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Personal Finance Tips

Give your RESP a year-end checkup Add to ...

As my kids tear into their toys on Christmas morning, scattering Lego bits to the furthest corners of our home, there's at least one gift that I won't be prying from my cat's teeth: the year-end RESP contribution.

Long after Barbie's shoes have been sucked up the vacuum, their RESP money will still be growing, thanks to government grants and compounding interest. What could be more magical than that? (Hint, hint, grandparents.)

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Mike Holman, author of The RESP Book and the Money Smarts blog, says the end of the year is a good time to top up your Registered Education Savings Plan or get one started, if you haven't already done so. He calls Dec. 31 a "soft deadline" for contributions because although government grants are capped for each calendar year, you can carry them forward and make up for one year of contributions each year.

"You can literally start fairly late," Mr. Holman says. "For example, in the year your child turns 10, you could start the RESP at that point in time and still get all the maximum grants."

It's also a good time to check whether you're on track to reach your savings goals and to rebalance your portfolio. If your child will be starting school in the next five years, it may be time to switch to safer investments.

"One good year-end tip if you're heading into the withdrawal phase, for example, if your child is going to be starting school next year, is to review the rules for withdrawals and make sure you understand how they work because there are definite tax implications," he adds.

Mr. Holman offers some additional year-end RESP tips:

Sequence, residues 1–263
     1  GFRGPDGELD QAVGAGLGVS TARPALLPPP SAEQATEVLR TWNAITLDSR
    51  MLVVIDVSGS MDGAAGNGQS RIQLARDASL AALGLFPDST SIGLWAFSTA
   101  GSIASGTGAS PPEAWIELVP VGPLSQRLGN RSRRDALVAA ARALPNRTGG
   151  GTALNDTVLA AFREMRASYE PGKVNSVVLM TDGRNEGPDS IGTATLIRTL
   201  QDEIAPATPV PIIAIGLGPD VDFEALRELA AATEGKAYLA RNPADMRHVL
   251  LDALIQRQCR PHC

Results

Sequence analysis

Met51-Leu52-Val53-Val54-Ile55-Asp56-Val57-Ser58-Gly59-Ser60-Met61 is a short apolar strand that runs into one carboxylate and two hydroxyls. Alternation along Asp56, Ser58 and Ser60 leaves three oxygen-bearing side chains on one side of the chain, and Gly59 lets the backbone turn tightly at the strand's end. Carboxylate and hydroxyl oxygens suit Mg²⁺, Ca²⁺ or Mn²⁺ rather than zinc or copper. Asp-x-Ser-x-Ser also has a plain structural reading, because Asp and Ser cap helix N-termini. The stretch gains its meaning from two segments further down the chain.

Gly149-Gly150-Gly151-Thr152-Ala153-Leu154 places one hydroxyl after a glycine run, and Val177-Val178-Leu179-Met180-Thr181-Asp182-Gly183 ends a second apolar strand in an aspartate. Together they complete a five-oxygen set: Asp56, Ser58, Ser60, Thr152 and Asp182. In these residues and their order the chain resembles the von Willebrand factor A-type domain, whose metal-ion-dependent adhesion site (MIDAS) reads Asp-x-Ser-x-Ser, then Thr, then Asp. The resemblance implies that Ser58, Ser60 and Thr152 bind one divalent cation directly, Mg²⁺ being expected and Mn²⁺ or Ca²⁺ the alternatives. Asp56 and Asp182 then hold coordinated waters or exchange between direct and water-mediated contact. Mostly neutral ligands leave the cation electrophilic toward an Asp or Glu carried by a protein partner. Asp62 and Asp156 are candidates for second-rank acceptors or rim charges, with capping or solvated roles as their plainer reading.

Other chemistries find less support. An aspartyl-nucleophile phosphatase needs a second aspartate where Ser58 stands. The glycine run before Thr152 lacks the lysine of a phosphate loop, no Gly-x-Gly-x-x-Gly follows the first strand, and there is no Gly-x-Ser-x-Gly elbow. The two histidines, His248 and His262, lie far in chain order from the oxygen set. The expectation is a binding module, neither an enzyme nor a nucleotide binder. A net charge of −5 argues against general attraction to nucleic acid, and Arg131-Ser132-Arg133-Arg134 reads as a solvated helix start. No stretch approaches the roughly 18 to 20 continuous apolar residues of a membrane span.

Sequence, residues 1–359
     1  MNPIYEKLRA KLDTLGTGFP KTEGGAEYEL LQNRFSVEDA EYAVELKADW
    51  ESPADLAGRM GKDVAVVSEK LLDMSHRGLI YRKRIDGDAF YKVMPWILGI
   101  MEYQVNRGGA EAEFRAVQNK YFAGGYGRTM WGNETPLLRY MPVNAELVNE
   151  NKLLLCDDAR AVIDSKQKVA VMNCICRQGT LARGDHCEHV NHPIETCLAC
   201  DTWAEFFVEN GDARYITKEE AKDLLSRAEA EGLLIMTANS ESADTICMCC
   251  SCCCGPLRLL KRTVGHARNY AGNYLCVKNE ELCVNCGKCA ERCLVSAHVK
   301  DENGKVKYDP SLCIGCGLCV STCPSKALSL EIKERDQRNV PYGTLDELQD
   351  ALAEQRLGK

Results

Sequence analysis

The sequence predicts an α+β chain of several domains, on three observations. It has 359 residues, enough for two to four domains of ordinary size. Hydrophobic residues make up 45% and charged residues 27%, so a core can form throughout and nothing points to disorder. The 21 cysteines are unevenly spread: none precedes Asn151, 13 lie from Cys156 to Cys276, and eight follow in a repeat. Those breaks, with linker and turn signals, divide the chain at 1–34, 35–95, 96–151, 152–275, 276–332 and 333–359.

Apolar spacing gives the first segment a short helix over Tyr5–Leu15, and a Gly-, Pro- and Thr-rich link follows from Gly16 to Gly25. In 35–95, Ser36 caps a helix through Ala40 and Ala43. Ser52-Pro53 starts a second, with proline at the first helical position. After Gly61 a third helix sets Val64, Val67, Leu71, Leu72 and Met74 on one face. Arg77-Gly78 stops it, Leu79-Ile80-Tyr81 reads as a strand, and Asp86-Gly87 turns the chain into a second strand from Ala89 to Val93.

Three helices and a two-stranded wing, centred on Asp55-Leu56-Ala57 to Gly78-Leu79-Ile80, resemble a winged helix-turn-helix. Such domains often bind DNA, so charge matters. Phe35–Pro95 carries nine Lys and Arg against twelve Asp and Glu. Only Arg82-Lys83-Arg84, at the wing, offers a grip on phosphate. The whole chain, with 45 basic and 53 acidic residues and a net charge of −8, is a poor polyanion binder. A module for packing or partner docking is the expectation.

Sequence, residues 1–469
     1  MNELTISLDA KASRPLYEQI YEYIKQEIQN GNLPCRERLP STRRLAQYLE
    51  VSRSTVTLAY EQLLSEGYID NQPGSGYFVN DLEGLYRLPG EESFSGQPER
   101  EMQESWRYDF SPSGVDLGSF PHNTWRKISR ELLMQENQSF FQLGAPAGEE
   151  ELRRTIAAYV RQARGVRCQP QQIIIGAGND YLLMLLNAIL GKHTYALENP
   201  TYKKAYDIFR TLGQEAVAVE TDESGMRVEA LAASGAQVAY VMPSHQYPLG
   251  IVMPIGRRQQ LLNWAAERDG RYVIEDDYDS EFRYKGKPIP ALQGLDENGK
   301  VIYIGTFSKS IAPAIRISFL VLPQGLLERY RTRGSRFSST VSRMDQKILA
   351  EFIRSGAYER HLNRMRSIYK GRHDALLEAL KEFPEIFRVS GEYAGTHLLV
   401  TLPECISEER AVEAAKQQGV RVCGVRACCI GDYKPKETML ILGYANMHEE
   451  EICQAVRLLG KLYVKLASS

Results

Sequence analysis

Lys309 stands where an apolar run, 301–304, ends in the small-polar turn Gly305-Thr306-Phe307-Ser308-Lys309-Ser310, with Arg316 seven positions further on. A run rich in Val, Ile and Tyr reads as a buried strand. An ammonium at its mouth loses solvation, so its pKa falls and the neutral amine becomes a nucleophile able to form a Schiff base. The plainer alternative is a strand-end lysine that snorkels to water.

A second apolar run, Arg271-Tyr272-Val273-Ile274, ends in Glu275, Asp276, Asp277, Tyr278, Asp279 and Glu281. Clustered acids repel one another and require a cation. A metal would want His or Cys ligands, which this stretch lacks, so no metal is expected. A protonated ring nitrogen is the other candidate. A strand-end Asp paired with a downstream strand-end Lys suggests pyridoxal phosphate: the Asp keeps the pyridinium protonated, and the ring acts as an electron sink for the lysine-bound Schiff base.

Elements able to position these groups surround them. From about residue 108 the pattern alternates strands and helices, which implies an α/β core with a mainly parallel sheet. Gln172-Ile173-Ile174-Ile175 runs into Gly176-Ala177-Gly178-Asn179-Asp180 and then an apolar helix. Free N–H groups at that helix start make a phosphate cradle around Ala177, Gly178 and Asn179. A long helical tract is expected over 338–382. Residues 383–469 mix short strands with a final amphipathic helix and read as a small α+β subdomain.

Keep your RESP money safe

Many parents start an RESP account when their child is young and invest heavily in equities because of the long investing time horizon. Make sure that as the child gets older, you reduce the equity exposure and lower the risk. It is important to make sure that the money is going to be there when the child needs it.

Contribute right to the bitter end

RESP grants can be earned on contributions made up until Dec. 31 of the year the child turns 17, even if the child is already attending college and making withdrawals from the RESP. This is an easy way to get a quick 20-per-cent return on your money.

Verify you are getting the proper grant

Make sure you are getting the basic 20-per-cent RESP grant on all your grant-eligible contributions. Keep in mind, the grant can take up to two months to appear in the account. If the primary caregiver's family income is below $40,970, you should be getting a 40-per-cent grant on the first $500 contributed each year. If net income is between $40,970 and $81,941, you should get a 30-per-cent grant on the first $500 contributed each year. If you live in Quebec or have lived in Alberta, you might be eligible for provincial RESP grants as well.



Don't over-contribute

The maximum RESP grant payable per year is $500 and you can catch up one missed year at a time for a total of $1,000 of potential grants per year. However, if you contribute too much, you won't receive any grants on the excess contributions.

Talk to other contributors

If there is more than one RESP account for your child, co-ordinate contributions with the other account owners to ensure you can take advantage of the maximum grant every year.

Remember the rule of 7,200

The maximum lifetime grant per child is $7,200. If you are not sure how much your child has received in the past, phone the HRSDC RESP department at 1-888-276-3624.

Follow on Twitter: @diannenice

 

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